Vineyard Church Cardiff

We spoke to Matt Meads from Vineyard Church Cardiff about their journey as a church, and how a Kingdom Bank mortgage has helped them purchase a key building in their city.

Can you tell us a bit about life at Vineyard Church Cardiff?

Vineyard Church Cardiff was planted about 15 years ago from Trent Vineyard in Nottingham. We began as a single site congregation, but five years ago launched as a multisite church and now have around 500 adults and 200 children meeting across three locations in the city.

We feel a particular calling as a church to restore our city and renew our nation. This shared vision means we run a variety of compassion projects in the local area, including help for those experiencing food poverty, and supporting vulnerable families and single parents. We also have a house in the city centre which provides supported housing for five vulnerably housed men, and have planted two churches, one in Cornwall and one in Pembrokeshire. Honestly, there is always a lot going on, but we still feel there is so much more to do!

What particularly excites you about your work?

I think as a church, because we have a really clear sense of vision and what God is calling us to, there is a real energy within our church family. Our main aim as a church is to give people a vision of Jesus, which has pushed us to have a big enough vision of Jesus ourselves, in order to live up to our vision for the city. We are being transformed so that we can go out and transform others.

God has consistently been bringing us new people, leaders, and fresh ideas of how we can be a blessing in our community. Every week we have new people joining us, many of whom haven’t been to church before, so there are always exciting stories to be shared and encourage each other with. We don’t want to just gather together; we make it a priority to have a great sense of church family.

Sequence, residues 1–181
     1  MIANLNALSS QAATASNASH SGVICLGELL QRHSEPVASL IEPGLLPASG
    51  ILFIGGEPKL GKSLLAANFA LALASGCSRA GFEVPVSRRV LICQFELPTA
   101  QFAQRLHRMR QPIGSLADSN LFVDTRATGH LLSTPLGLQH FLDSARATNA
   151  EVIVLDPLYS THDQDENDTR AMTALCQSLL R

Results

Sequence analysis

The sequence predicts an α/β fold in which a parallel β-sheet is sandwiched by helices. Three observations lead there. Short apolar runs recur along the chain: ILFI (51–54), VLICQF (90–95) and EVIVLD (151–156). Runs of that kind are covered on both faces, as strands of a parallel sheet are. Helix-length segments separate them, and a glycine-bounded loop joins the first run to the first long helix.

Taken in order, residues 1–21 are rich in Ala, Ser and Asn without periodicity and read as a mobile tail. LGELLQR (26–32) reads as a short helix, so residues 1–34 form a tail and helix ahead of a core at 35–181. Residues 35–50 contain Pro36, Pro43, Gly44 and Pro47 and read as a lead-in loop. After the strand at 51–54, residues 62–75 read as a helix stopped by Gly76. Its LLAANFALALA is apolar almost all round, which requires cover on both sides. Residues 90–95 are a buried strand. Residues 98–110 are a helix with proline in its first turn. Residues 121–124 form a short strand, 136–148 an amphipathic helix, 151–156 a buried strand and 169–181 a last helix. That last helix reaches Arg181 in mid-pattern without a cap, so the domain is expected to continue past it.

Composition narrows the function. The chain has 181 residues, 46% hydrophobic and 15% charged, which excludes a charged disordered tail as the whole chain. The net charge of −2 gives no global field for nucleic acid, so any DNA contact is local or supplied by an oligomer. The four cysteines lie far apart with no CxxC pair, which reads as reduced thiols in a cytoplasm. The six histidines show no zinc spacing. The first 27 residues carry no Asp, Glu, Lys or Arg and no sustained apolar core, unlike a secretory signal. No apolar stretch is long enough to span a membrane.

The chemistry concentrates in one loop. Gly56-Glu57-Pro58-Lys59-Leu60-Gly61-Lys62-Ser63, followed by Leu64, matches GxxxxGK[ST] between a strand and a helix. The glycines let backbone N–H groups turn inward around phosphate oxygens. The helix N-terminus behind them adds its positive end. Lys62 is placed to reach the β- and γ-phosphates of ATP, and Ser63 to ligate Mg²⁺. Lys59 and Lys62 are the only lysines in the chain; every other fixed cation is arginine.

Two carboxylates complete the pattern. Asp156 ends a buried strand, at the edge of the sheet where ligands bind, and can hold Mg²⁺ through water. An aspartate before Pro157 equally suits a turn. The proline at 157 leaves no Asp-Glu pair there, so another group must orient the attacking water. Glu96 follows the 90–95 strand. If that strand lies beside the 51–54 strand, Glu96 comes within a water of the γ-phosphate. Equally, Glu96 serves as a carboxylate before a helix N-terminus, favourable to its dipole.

Where did the vision for this building come from?

When we first planted Vineyard Church Cardiff, we had a real sense that this space would be where we would meet if we could, and that it would be a great venue for a church to gather. ‘The Gate’ was originally a 19th century Presbyterian chapel in the heart of Cardiff, but by the 1990s the building was dilapidated, and the Presbyterian church had closed. The building was renovated, and turned into a
community art space and theatre.

The trustees of the building at that time had decided that no church would meet there, but in 2013 it was agreed that we would begin renting the space for church services. By 2016 the art centre was struggling, and the trustees reached out to our church leadership team to see if we wanted to support them. As we felt such a sense of calling to this building, we began to provide the management of the building as an art centre.

When the pandemic hit, the art centre was locked down completely, and our management was ended. As a church, we felt like we were losing our venue, but we prayed and felt God was asking us not to give up on the building. The only option left on the table was to purchase the building, but previously the asking price had been far too high for us to afford.